Questions & Artists: Timothy Horn

“Eagle Has Landed” by Tim Horn.

Readers that know my work know how much I enjoy painting automobiles. About eight years ago I entered my first competition, the Hardy show, with a watercolor of an orange 1957 Chevy that, in retrospect, looked like a cartoon. I found Tim Horn while looking on the internet for artists who painted cars. His paintings put vintage cars in wonderful locations and his technique has a feel that literally pulls the viewer into the work. His landscapes are wonderfully done and, again, have a feel that is hard to describe. Perhaps it is his colors and brushstrokes that make his work so appealing. We in this area are fortunate to be able to see this artist work again this year, as last year, in the Door County Plein Air Festival. Horn’s art can be viewed online at

Randy Rasmussen (RR): Mr. Horn, you were born and raised in the Midwest. At your high school in Yelllow Springs, Ohio did you take every art course available?

Timothy Horn (TH): It was a small town and a small school. At that time there was only one or two classes offered as I recall. Something like Art 1 and Studio Art. Whatever it was, I took it all through high school. I had the same art teacher from 7th through 12th grade. She was great, we’re still in touch, and a few years ago she bought one of my paintings.

RR: What media were you exposed to in your high school art classes and did you paint in oil at this time?

“Galaxie Far Far Away” by Tim Horn.

TH: It was a pretty minimal offering. I remember a lot of tempera paint, some watercolor, collage, silkscreen, linoleum prints, drawing, and wire sculpture. We didn’t have a wheel or a kiln so no ceramics, and no photography. When I was a senior, I remember there were a couple kids who did oil paintings, but I wasn’t one of them. Between my junior and senior years, I did a summer session at Parsons School of Design in New York City. That experience blew my doors off and is what made me determined to attend art school when the time came.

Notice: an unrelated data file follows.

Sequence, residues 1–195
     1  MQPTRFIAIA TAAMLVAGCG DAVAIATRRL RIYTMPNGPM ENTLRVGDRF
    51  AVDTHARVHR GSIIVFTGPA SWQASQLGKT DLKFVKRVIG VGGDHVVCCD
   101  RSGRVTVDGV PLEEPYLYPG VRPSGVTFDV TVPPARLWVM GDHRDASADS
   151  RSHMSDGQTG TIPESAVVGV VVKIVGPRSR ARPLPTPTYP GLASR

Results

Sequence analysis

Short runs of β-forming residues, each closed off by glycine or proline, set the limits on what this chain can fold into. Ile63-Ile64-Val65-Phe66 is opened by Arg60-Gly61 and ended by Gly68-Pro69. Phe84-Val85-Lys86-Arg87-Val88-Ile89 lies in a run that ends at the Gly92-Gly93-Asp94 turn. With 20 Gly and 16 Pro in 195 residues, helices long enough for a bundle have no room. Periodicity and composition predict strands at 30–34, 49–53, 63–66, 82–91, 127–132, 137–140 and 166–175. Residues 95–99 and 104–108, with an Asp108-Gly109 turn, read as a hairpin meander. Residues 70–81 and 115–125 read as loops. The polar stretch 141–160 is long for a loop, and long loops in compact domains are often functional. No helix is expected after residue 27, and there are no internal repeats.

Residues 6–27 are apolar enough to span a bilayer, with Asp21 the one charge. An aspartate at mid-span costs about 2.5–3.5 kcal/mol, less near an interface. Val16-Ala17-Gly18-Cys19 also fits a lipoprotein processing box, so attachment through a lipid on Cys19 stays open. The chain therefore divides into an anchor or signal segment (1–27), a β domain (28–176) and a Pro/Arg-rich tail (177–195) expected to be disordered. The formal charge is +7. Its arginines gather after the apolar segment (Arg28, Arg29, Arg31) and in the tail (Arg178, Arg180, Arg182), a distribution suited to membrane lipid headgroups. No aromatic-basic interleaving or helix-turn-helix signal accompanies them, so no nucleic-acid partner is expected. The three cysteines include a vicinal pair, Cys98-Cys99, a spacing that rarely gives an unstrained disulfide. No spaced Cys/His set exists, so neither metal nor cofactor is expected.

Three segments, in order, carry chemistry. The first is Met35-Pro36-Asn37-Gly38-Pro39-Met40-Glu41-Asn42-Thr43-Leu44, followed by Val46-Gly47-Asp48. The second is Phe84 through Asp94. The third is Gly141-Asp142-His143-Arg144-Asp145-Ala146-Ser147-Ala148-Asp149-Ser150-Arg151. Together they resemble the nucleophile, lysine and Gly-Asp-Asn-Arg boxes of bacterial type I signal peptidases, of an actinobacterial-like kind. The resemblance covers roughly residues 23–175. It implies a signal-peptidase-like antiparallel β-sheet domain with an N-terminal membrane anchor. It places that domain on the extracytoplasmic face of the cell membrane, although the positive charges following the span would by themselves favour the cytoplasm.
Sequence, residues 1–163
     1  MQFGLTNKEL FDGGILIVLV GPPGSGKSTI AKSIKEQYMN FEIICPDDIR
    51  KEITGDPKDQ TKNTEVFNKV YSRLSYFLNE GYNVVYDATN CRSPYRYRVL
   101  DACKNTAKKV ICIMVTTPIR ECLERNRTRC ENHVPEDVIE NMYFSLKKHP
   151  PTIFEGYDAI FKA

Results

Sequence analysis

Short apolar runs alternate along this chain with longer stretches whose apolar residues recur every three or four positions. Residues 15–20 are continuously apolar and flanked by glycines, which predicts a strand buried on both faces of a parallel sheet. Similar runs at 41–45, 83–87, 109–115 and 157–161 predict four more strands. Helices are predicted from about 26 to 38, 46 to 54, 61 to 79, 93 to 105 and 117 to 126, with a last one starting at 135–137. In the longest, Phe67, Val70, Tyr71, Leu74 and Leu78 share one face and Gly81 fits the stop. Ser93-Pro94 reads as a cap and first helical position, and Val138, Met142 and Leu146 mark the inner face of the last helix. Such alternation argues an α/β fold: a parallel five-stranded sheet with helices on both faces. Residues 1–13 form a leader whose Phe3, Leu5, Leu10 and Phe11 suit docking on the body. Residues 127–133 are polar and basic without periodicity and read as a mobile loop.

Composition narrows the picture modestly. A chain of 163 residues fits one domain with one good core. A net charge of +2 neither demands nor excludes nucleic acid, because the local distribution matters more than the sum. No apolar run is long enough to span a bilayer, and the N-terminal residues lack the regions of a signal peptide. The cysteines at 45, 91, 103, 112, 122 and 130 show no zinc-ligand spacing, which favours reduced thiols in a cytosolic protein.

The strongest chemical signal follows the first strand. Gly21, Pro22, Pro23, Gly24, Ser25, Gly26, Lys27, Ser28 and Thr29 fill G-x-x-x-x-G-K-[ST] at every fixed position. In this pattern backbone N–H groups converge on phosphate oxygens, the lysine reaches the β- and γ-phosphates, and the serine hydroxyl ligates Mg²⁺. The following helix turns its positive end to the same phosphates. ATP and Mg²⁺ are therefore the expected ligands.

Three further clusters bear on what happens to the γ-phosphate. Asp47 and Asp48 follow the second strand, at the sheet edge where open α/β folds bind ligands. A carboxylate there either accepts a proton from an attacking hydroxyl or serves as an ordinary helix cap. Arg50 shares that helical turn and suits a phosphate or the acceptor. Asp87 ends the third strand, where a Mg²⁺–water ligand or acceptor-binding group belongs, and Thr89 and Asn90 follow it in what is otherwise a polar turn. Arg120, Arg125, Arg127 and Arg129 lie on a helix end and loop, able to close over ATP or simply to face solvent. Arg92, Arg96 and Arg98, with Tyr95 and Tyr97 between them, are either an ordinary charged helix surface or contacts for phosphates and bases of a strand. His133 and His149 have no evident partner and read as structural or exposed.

RR: How did your background in graphic design affect your current painting style?

TH: I feel like my 20-plus years of doing graphic design gave me a more advanced sense of composition when I finally did start painting. Day after day I was faced with an 8½ x 11 piece of paper, and pushed type and photos around until something worked. I also took a couple semesters of silkscreen, which I loved, and when I first started painting landscapes, I worked in large areas of flat color. I felt somehow I wasn’t supposed to be doing that. Then I discovered the work of Fairfield Porter and decided maybe it was OK.

RR: I first found your work on the internet looking for paintings of automobiles. Your ability to capture cars, specifically classic cars is amazing. Has this always been a favorite subject?

“Cutter” by Tim Horn.

TH: I remember clearly the first old car I painted. I think I had been painting for about three years and I was out with a buddy one day and came across an old Plymouth in a sun dappled residential neighborhood. It was an ugly beige-salmon color but had good chrome and the painting came out alright – good enough for me to put it in the small gallery that was showing my work. I felt that somehow I shouldn’t be painting old cars, but after it sold a couple weeks later, I decided maybe that was OK too.

RR: You started your career as a graphic artist in New York. Was the decision to move to California difficult?

TH: The hardest part of that decision was that I felt once I left New York City, I’d never be able to regain a foothold there. It’s such a tough town in many ways – unforgiving, with a very small margin of error. But I had lived there for 11 years and my desire to bust out of there and start exploring other parts of the world was greater than my desire to cling to my little scrap of Manhattan that seemed held together with found wire and tape. Years in a bad neighborhood, on rent strike in a crappy apartment with cockroaches, with friends that kept moving away, had taken their toll. It’s an amazing place and I loved it, but I was done. I bought an Alfa Romeo, put the top down, drove over the Brooklyn Bridge, and never looked back.

RR: Who did you take your first painting class from?

TH: Stanley Goldstein. I was riding my bike in West Marin, training for a cross-country ride that summer when I came across a group painting in this little town. I asked one of the painters who the instructor was, and that fall started taking his weekly outdoor class. Painting outside was a great way to start, and he was an awesome instructor. I got lucky.

“Monhegan Red” by Tim Horn.

RR: What painters/instructors have had an influence on your work?

TH: I studied with Stanley for about a year-and-a-half and that was huge for me. Then I took classes from Randy Sexton in a similar format for another year. Both of them had a big influence on my beginnings as a painter. But Joaquín Sorolla is my god.

RR: This year, as last year, you are an invited artist in the Door County Plein Air Festival. Do you have a favorite place and subject to paint in Door County?

TH: It’s great to have the opportunity to come back. Last year, since I was new to the area, I spent time just driving around trying to see what’s here. I found a farm with buildings that looked so perfect for me, I just had to knock on the door. The owners were very nice and let me paint there a couple of times. I could have easily covered all my canvases with that one farm. I like to really get into a place and try to see everything it has to offer and that place had a lot. But if you know of any old Airstreams in the area, please shoot me an email!

RR: Thank you.